Head And Neck Cancer

What Is Head And Neck Cancer?

Head and neck cancer is a term used to describe a number of different malignant tumors that develop in or around the throat, larynx, nose, sinuses, and mouth (see below).

Most head and neck cancers are squamous cell carcinomas. This type of cancer begins in the flat, squamous cells that make up the thin layer of tissue on the surface of the structures in the head and neck. Directly beneath this lining, which is called the epithelium, some areas of the head and neck have a layer of moist tissue, called the mucosa. If a cancer is limited to the squamous layer of cells, it is called carcinoma in situ. If the cancer has grown beyond this cell layer and moved into the deeper tissue, then it is called invasive squamous cell carcinoma.

If a head and neck cancer starts in the salivary glands, the tumor will usually be classified as an adenocarcinoma, adenoid cystic carcinoma, or mucoepidermoid carcinoma.

Head And Neck Cancer: Types & Stages

There are five main types of head and neck cancer, each named according to the part of the body where they develop. For more information about a specific type, click on one of the names below.

  • Laryngeal and Hypopharyngeal Cancer.The larynx is commonly called the voice box. It is a tube­shaped organ in the neck that is important for breathing, talking, and swallowing. It is located at the top of the windpipe, or trachea. The hypopharynx is also called the gullet. It is the lower part of the throat that surrounds the larynx.
  • Nasal Cavity and Paranasal Sinus Cancer.The nasal cavity is the space just behind the nose where air passes on its way to the throat. The paranasal sinuses are the air­filled areas that surround the nasal cavity.
  • Nasopharyngeal Cancer.The nasopharynx is the air passageway at the upper part of the throat behind the nose.
  • Oral and Oropharyngeal Cancer.The oral cavity includes the mouth and tongue. The oropharynx includes the middle of the throat from the tonsils to the tip of the voice box.
  • Salivary Gland Cancer.The salivary gland is tissue that produces saliva, which is the fluid that is released into the mouth to keep it moist and that contains enzymes that begin breaking down food.

Head And Neck Cancer: Detection & Treatment Options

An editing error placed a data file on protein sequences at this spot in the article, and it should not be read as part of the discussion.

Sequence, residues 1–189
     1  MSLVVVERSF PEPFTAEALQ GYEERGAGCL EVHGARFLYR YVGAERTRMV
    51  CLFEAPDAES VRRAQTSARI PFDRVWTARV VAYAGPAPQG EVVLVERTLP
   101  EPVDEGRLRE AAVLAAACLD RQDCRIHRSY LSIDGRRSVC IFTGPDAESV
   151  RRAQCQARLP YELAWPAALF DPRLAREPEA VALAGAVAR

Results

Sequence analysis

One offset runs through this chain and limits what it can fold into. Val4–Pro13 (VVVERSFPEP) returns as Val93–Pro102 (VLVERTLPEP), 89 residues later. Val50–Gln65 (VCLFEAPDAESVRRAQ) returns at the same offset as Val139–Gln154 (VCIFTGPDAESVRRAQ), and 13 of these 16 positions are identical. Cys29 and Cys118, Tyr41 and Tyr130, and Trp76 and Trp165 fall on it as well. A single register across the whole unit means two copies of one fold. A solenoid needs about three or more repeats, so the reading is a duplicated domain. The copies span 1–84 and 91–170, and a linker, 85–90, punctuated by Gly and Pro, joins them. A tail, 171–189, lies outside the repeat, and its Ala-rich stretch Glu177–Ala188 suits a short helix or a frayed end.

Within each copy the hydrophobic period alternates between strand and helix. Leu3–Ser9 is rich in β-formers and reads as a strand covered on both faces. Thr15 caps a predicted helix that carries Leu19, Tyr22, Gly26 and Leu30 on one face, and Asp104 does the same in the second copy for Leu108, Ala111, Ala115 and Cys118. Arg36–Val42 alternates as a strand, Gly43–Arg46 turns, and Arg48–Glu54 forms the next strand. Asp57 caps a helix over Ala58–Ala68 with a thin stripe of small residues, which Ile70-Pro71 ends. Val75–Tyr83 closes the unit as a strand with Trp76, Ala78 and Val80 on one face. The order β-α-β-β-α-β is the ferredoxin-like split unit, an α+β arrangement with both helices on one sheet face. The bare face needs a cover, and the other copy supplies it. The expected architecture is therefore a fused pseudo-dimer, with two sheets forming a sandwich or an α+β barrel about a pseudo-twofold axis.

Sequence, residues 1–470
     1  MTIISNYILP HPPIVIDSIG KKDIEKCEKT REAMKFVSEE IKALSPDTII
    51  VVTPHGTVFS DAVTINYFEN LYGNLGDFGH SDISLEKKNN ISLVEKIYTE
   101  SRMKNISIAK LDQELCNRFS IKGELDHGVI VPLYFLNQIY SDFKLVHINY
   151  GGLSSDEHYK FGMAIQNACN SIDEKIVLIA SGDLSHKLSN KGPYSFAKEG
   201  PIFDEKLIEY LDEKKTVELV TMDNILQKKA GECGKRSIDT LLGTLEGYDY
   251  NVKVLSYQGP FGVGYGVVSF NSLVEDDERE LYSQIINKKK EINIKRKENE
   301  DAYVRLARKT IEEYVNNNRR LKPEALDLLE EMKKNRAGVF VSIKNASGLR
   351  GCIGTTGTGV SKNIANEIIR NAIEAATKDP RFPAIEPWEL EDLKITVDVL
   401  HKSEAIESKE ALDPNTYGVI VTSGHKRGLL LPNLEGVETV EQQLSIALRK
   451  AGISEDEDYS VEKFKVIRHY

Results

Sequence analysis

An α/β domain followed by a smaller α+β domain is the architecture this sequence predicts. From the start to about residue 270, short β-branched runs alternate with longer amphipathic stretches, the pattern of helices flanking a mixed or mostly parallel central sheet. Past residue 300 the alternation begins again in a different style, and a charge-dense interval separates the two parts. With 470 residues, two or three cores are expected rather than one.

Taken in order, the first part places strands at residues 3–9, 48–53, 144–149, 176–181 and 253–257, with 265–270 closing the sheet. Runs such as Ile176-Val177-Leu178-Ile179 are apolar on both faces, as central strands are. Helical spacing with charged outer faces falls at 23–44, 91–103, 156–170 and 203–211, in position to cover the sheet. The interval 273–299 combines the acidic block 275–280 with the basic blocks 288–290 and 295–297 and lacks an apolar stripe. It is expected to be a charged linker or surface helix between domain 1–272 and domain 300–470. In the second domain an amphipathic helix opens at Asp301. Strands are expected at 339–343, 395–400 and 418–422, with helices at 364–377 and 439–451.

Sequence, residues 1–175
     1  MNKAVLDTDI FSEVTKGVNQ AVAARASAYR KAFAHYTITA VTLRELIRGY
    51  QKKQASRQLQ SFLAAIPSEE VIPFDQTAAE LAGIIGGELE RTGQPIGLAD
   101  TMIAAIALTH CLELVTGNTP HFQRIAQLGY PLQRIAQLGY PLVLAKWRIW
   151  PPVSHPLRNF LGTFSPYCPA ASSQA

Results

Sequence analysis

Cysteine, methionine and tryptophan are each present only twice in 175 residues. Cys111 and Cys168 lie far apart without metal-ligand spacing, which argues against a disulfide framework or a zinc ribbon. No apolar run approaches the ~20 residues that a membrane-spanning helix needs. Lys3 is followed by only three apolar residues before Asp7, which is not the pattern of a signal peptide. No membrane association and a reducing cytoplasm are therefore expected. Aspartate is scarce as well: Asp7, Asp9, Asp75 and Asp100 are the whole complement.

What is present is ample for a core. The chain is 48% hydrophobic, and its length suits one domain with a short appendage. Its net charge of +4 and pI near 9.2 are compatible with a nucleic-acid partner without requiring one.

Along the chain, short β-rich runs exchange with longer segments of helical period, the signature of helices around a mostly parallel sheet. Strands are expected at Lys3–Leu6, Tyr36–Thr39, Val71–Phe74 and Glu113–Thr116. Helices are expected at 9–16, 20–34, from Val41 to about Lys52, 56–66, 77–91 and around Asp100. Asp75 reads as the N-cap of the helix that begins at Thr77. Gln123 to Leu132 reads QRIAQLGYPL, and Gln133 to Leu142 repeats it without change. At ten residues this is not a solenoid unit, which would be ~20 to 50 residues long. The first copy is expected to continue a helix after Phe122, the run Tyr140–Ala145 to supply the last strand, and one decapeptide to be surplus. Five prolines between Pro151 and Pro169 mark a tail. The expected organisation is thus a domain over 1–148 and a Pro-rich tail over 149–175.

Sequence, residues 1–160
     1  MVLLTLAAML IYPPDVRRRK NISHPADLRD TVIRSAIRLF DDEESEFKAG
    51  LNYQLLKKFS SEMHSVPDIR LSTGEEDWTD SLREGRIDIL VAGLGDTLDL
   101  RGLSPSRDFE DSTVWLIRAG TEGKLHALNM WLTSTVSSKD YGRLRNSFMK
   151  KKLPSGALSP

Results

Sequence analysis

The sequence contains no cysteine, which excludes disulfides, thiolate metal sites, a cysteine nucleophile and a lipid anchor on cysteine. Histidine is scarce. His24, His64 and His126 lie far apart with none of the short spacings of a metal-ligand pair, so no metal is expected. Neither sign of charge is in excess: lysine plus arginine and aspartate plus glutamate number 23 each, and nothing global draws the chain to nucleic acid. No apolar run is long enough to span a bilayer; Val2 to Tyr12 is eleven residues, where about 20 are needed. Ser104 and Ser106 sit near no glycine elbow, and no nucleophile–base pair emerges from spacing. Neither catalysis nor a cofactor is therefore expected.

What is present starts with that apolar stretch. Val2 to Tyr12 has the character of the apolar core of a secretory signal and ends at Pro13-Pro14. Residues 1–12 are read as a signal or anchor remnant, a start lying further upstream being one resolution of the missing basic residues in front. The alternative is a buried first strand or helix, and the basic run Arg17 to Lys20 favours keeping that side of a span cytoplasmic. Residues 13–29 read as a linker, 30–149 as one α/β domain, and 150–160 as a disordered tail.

People with head and neck cancer often experience the following symptoms or signs. Sometimes, people with head and neck cancer do not show any of these symptoms. Or, these symptoms may be caused by a medical condition that is not cancer.

  • Swelling or sore that does not heal; this is the most common symptom
  • Red or white patch in the mouth
  • Lump, bump, or mass in the head or neck area, with or without pain
  • Persistent sore throat
  • Foul mouth odor not explained by hygiene
  • Hoarseness or change in voice
  • Nasal obstruction or persistent nasal congestion
  • Frequent nose bleeds and/or unusual nasal discharge
  • Difficulty breathing
  • Double vision
  • Numbness or weakness of a body part in the head and neck region
  • Pain or difficulty chewing, swallowing, or moving the jaw or tongue
  • Ear and/or jaw pain
  • Blood in the saliva or phlegm, which is mucus discharged in mouth from respiratory passages
  • Loosening of teeth
  • Dentures that no longer fit
  • Unexplained weight loss
  • Fatigue

If you are concerned about one or more of the symptoms or signs on this list, please talk with your doctor. Your doctor will ask how long and how often you’ve been experiencing the symptom(s), in addition to other questions. This is to help find out the cause of the problem, called a diagnosis.

Many cancers of the head and neck can be cured, especially if they are found early. Although eliminating the cancer is the primary goal of treatment, preserving the function of the nearby nerves, organs, and tissues is also very important. When planning treatment, doctors consider how treatment might affect a person’s quality of life, such as how a person feels, looks, talks, eats, and breathes.

Overall, the main treatment options are surgery, radiation therapy, chemotherapy, and targeted therapy. Surgery or radiation therapy by themselves or a combination of these treatments may be part of a person’s treatment plan. More details can be found in each specific cancer type’s section.